The government is increasing dividend tax by 1.25%, and this will have an impact on shareholders, not least those of family and owner-managed companies.

The reaction to this announcement might be to withdraw as much as possible before 6 April 2022 to reduce their personal tax bill. However, some ‘traps’ need to be considered before taking such action, including those outlined below.

Trap 1: Insufficient Profits

Dividends can only be made ‘out of profits available for the purpose.

A ‘trap’ is that following Covid, a company may be facing trading losses and impairment provisions that have reduced distributable profits such that there are insufficient distributable profits to cover dividends.

A further ‘trap’ may be that director shareholders have already withdrawn monies as dividends, unaware of this ‘accumulation’ rule.

Trap 2: Overdrawn Directors’ Loan Account

If there is not enough profit to pay a dividend, HMRC could contend that the overdrawn amount is really a ‘loan to a shareholder’. This ‘loan’ needs to be repaid within 9 months of the company’s year-end; otherwise, there will be a tax charge on the company.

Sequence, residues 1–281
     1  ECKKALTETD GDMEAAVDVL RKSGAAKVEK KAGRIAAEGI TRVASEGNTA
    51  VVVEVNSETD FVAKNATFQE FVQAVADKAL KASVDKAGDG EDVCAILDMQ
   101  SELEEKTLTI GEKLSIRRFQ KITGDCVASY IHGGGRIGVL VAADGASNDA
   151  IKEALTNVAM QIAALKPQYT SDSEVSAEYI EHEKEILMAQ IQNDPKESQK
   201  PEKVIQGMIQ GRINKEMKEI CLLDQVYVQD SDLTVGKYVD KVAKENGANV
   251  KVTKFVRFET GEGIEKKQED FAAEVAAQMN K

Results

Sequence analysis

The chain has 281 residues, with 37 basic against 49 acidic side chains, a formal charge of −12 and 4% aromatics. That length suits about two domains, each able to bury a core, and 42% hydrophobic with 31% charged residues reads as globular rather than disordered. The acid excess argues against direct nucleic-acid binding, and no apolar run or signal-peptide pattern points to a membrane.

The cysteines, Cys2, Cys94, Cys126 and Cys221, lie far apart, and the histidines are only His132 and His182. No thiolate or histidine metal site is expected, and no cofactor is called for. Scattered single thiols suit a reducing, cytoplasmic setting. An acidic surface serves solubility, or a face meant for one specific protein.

The rate of tax that applies to overdrawn directors’ loan accounts is directly linked to the dividend upper rate, meaning that post 6 April 2022 the rate also increases from 32.5% to 33.75%.

Trap 3: Diverting Dividends

For married couples, should one spouse be a higher rate taxpayer and the other a basic rate or non-taxpayer, it is generally more tax-efficient for the lower or nil rate taxpayer to receive at least some dividend income?

This can be achieved by either creating a new class of shares (often termed ‘alphabet shares’) and allocating those shares to the spouse or transferring shares from one spouse to the other or even from parent to child.

The ‘trap’ here is to ensure that the payments do not fall foul of the ‘settlements’ anti-avoidance rules, which apply to ‘any disposition, trust,

Covenant, agreement, arrangement, or transfer of assets. These rules broadly provide that gifting a share to another will result in dividends on those gifted shares being treated as the donor’s income.